Bond Downgrades Escalate With Leverage Highest Since 2007
Credit quality for U.S. companies is showing signs of weakening as issuers from Verizon Communications Inc. (VZ) to Apple Inc. borrow unprecedented amounts of money to expand and reward shareholders.
A total of 223 companies had their bond ratings cut by Moody’s Investors Service in the six months ended November, compared with 172 increases, the highest proportion of downgrades since April. Issuers took advantage of borrowing costs that averaged a record-low 3.83 percent this year to sell an unprecedented amount of bonds, with 15 percent of offerings funding shareholder payouts, the most in five years.
As the U.S. economy enters its fifth year of expansion after the worst recession in seven decades, Moody’s predicts that companies will be emboldened to seek out acquisitions and increase spending to enrich their owners. That may prompt borrowers to boost leverage, which has risen to the highest level since 2007.
“We’re in a mature recovery, and companies may take that as a sign to be more aggressive with their balance sheets,” Ben Garber, an economist at Moody’s Analytics, said by telephone from New York. They may be “investing more, doing more M&A and returning a lot more of their cash to shareholders.”
Companies in the U.S. sold $1.5 trillion of bonds through Dec. 24, with the highest percentage of proceeds used to fund shareholder-friendly transactions since at least 2008, according to data compiled by Moody’s and Bloomberg. About 4 percent of bond offerings in 2008 were used to reward shareholders, Moody’s data show.
Potential downgrades exceeded those of upgrades by Standard & Poor’s on Nov. 29 by 222 to 188, according to a report by S&P analysts led by Diane Vazza, the New York-based head of global fixed-income research.
The number of U.S. companies with the lowest credit ratings jumped to the highest level in six months after speculative-grade borrowers obtained a record amount of bonds and loans in 2013, according to Moody’s data. There were 156 borrowers rated B3 with a “negative” outlook, up from 148 three months ago and the most since 160 in June, with the rise reflecting the “aggressiveness of the origination,” David Keisman, a senior vice president at New York-based Moody’s, said in a telephone interview last week.
Moody’s has cut 495 long-term ratings and promoted 397 this year in the U.S., according to Bloomberg data that tracks the number of ratings changes on securities. S&P reduced 399 grades and awarded 604 upgrades, the data show
Among companies whose ratings were cut by Moody’s, H.J. Heinz Co. fell six levels to B2 from Baa2 after Warren Buffett’s Berkshire Hathaway Inc. completed a $27.4 billion takeover of the ketchup maker.
Company leverage, or median debt to earnings before interest, taxes, depreciation and amortization, has climbed to more than 4.2 times through the second quarter, the highest level in at least six years, according to Moody’s data of public and private non-financial North American companies.
Yields on the Bank of America Merrill Lynch U.S. Corporate & High Yield index fell to a record low of 3.35 in May from as high as 11.1 percent in October 2008. The extra yield investors demand to own the securities rather than government debentures reached a more than six-year low of 1.88 percentage points Dec. 23, index data show.
“You’re going to get more leverage on company balance sheets rather than less,” Scott Colyer, chief executive officer of Monument, Colorado-based Advisors Asset Management, which oversees about $11.6 billion. “There’s going to be more demand for borrowing. Rates are still historically very, very low.”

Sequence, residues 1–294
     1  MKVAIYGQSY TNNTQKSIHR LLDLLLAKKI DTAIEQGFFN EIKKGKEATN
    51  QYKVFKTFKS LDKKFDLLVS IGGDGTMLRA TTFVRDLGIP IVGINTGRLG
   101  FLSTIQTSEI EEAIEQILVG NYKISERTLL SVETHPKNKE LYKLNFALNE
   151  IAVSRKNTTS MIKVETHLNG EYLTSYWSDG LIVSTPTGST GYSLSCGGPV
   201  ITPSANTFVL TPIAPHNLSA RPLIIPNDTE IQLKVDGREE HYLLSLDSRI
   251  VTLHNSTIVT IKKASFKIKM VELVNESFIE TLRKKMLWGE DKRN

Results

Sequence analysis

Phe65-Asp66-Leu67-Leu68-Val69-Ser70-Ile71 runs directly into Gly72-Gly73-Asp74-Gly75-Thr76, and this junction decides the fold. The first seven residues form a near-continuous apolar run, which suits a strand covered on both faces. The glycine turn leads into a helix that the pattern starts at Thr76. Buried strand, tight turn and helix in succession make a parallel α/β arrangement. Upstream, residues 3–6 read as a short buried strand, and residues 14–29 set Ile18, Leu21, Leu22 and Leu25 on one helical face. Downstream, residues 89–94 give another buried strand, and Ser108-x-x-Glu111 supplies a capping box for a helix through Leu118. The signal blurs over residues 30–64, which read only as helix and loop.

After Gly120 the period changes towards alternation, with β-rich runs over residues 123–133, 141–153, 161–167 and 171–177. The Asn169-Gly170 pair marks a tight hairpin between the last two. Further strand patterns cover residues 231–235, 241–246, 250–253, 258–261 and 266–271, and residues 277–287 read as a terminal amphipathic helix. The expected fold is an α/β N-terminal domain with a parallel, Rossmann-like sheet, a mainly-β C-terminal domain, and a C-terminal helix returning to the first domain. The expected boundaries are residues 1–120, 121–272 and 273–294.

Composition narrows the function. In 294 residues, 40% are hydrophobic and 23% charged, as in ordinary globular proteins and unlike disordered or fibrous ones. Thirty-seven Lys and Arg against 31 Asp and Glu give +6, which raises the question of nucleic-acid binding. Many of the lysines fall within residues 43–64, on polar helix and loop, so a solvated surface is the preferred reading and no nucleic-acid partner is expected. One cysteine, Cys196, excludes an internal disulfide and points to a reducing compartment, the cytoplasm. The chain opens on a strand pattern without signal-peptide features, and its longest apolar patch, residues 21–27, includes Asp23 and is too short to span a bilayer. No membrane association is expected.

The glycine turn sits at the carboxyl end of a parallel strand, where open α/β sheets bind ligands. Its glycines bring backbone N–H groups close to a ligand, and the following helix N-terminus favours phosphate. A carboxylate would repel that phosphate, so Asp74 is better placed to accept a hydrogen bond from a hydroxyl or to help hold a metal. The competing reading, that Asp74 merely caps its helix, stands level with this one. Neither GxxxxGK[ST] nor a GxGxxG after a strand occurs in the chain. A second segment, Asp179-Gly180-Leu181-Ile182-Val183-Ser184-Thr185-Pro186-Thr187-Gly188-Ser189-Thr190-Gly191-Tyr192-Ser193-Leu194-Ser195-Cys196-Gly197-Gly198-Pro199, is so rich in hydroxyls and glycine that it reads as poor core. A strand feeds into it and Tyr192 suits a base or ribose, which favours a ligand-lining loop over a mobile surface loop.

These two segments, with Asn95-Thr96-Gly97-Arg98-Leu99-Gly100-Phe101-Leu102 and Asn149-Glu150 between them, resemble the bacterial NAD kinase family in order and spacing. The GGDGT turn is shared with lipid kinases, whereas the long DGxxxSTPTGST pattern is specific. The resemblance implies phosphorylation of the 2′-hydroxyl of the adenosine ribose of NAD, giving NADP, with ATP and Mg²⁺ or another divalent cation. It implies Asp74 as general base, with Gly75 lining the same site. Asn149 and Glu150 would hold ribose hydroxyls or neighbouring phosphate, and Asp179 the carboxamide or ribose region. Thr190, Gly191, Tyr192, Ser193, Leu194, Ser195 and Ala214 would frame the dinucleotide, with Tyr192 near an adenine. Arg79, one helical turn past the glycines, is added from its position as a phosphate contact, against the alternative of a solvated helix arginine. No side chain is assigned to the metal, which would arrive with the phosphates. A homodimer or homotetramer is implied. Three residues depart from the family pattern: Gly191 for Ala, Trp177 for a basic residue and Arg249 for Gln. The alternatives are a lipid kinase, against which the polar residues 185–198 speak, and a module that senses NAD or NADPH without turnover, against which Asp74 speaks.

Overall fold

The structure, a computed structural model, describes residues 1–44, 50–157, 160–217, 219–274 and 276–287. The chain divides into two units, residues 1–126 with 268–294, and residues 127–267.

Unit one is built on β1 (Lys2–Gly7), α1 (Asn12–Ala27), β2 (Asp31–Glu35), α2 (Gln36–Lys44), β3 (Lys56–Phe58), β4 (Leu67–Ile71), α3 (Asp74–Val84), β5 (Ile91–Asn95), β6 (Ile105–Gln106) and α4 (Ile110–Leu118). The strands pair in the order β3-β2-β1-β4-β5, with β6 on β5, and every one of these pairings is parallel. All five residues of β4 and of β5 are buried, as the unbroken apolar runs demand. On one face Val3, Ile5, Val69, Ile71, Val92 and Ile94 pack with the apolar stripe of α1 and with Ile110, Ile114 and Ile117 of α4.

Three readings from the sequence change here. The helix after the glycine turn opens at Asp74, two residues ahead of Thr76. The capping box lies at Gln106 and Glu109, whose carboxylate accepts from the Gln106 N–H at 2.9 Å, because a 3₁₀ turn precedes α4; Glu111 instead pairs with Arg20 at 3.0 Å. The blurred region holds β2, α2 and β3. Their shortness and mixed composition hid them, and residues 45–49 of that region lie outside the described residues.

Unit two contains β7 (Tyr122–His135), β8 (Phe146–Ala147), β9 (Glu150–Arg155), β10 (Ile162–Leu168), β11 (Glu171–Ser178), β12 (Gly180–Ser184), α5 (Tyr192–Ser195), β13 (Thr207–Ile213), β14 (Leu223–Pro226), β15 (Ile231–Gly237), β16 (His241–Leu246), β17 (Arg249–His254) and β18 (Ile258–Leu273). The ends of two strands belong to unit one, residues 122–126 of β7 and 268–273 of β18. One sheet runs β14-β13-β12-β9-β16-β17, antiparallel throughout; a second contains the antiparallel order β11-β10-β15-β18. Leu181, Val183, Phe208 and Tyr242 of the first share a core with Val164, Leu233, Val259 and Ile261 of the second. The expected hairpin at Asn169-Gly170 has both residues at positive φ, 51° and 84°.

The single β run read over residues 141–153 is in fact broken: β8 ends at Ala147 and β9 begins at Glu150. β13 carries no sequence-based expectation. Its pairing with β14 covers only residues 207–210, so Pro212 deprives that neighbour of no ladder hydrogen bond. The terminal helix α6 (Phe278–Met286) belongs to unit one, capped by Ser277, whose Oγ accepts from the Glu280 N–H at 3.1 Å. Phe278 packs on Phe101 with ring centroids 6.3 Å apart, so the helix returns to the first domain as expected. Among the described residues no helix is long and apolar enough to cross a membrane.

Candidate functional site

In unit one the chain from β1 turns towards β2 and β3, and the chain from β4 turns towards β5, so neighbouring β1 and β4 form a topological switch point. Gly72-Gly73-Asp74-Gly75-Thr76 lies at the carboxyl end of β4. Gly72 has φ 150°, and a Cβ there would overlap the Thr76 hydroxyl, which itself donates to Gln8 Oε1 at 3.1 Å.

Verizon raised $49 billion of debt on Sept. 11, the biggest corporate bond offering ever, for its $130 billion deal with Vodafone Group Plc to take full control of its Verizon Wireless unit. The new debt almost doubled the New York-based company’s $49.2 billion of borrowings and has raised its ratio of debt to Ebitda about 3 times from 1.6 times.
Profit growth at U.S. companies has slowed to 5.7 percent year-over-year in the third quarter, below the 9.5 percent average over the last five years, according to Commerce Department data.
“Companies are not using their cash for long-term growth, but rather for shareholder givebacks,” Jody Lurie, a corporate-credit analyst at Janney Montgomery Scott LLC in Philadelphia, said in a telephone interview.
Elsewhere in credit markets, the cost to protect corporate bonds from default in the U.S. fell to a six-year low, headed for the biggest annual decline since 2009.
The Markit CDX North American Investment Grade Index, a credit-default swaps benchmark used to hedge against losses on corporate debt or to speculate on creditworthiness, has dropped 32.4 basis points this year to a mid-price of 62 basis points as of 9:11 a.m. in New York, according to prices compiled by Bloomberg.
That’s the lowest level since Oct. 31, 2007, and the biggest annual decline since the benchmark fell 119.5 basis points in 2009.
The index typically falls as investor confidence improves and rises as it deteriorates. Credit swaps pay the buyer face value if a borrower fails to meet its obligations, less the value of the defaulted debt. A basis point equals $1,000 annually on a contract protecting $10 million of debt.
Bonds of General Electric Co. (GE) are the most actively traded U.S. corporate securities by dealers this year, accounting for 3.3 percent of trades of $1 million or more through Dec. 24, according to Trace, the bond-price reporting system of the Financial Industry Regulatory Authority.
In emerging markets, relative yields have widened 58 basis points this year to 324 basis points, or 3.24 percentage points, according to JPMorgan Chase & Co.’s EMBI Global index.
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